(Layman, 2005). What is "Affirming the Consequent?" Why is the argument about smoking and cancer a fallacy?
EXPLANATION: Affirming the Consequent is a fallacy because many causes can result in the same effects. In the example of smoking, there are many risk factors for lung cancer (e.g. asbestos, pollution, genetics, etc.) in addition to smoking (Akhtar and Bansal, 2017). Therefore, getting lung cancer does NOT prove that someone smoked. Arguments that "Affirm the Consequent" are not valid.
Affirming the Consequent is arguably the most important deductive fallacy for science.
Affirming the Consequent seems very similar to the most important valid argument for science: modus tollens. However, Affirming the Consequent and modus tollens differ in one key respect: whether the argument seeks to "prove" or reject the prediction made in the first premise. Rejecting a prediction can be valid, whereas "proving" a prediction is a deductive fallacy.
Affirming the Consequent is therefore important for at least three important reasons:
A) Impossibility of "proving" hypotheses. Affirming the Consequent is one reason that we cannot "prove" hypotheses. Hypotheses are explanations of natural phenomena that lead to testable predictions. We test hypotheses empirically by comparing the predictions of the hypotheses to data that we experimentally measure. We could construct the following syllogism:
PREMISE: Hypothesis H1 leads logically to prediction P1.
PREMISE: Experimental data match prediction P1.
CONCLUSION: We have proven hypothesis H1.
However, the syllogism is a deductive fallacy because it Affirms the Consequent! Even if the data match the predictions of a hypothesis exactly, there could still be some other phenomenon that actually explains the data. It could simply be a coincidence that hypothesis H1 makes a prediction that matches the data. Therefore, we can never experimentally "prove" hypotheses.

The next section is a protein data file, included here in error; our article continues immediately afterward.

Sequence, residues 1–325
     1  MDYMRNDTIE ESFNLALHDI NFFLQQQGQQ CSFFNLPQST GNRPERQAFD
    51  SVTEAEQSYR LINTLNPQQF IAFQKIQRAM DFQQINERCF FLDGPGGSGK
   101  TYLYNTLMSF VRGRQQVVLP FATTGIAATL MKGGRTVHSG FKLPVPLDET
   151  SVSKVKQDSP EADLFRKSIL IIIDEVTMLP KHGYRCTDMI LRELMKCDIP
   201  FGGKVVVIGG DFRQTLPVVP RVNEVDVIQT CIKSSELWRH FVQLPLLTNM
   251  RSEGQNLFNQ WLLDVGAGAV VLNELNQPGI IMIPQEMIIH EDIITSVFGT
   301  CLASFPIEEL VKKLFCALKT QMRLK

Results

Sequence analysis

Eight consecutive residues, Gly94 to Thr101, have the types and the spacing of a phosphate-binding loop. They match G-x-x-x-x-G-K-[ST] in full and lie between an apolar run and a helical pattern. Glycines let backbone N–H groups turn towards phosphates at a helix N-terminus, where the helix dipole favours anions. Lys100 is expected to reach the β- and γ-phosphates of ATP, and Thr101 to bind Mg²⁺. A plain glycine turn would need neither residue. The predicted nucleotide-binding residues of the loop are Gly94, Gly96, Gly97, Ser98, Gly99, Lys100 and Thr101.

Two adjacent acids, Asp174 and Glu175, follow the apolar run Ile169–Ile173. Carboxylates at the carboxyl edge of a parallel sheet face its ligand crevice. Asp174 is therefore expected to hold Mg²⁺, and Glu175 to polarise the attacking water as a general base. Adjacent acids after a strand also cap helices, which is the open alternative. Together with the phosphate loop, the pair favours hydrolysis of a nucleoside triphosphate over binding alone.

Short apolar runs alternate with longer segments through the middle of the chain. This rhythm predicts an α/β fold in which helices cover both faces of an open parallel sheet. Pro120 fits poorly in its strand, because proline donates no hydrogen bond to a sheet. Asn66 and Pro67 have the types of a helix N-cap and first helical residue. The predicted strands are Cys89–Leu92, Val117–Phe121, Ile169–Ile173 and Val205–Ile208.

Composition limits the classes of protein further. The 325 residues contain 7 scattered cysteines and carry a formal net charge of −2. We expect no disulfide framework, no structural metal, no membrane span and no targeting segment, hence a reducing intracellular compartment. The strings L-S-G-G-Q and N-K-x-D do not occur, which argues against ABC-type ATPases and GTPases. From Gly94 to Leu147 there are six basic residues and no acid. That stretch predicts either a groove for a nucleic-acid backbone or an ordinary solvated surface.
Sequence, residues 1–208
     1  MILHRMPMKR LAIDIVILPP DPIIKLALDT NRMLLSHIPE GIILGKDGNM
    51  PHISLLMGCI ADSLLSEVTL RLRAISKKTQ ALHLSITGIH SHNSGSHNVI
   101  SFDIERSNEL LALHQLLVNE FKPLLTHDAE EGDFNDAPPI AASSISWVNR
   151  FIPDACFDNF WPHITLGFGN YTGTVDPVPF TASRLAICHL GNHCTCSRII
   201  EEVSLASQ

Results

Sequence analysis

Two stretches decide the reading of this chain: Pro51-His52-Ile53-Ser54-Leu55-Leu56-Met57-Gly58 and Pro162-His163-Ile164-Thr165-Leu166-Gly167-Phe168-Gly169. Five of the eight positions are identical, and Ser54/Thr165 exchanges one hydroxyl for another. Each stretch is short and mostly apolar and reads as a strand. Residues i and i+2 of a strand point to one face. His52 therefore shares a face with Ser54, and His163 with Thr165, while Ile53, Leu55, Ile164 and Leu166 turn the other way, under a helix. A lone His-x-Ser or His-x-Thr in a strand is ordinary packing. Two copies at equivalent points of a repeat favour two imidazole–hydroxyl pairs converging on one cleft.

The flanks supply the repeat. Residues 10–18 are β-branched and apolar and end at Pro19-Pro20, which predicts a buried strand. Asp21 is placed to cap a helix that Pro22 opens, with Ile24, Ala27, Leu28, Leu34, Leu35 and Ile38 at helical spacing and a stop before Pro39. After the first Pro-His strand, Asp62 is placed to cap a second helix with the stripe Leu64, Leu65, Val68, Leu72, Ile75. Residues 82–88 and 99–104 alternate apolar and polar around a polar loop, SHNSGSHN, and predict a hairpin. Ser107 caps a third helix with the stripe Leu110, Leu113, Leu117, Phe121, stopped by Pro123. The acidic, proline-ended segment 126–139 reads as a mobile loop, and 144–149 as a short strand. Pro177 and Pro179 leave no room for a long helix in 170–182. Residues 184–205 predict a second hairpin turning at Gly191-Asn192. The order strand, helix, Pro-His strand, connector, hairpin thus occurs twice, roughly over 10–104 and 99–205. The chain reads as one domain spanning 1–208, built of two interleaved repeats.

C) Correlation does not imply causation. People are inclined to engage in "narrative fallacy," consistently seeking to connect even unrelated events with meaning or causality (Taleb, 2010). However, even when two events are actually correlated with each other, the correlation does NOT mean that one event causes the other to happen. There are an infinite number of spurious correlations that happen to be true by chance. For example, any variable that steadily increases with time will be correlated to the expansion of the universe. However, to our knowledge, the expansion of the universe does not cause most phenomena that steadily increase with time.
"Correlation does not imply correlation" is an example of Affirming the Consequent! We could consider the syllogism:
PREMISE: If phenomenon C1 causes event E1, then C1 and E1 will be correlated.
PREMISE: C1 and E1 are correlated.
CONCLUSION: Therefore, C1 causes E1.
The syllogism has the form of Affirming the Consequent. Therefore, correlation does not imply causation.
APPLICATION: Many logical fallacies can make deductive arguments invalid. Importantly, the logical fallacy of Affirming the Consequent prevents experimental research from "proving" hypotheses or inferring causation simply from correlation. Therefore, to test hypotheses using deductive reasoning, scientists must reject hypotheses using modus tollens.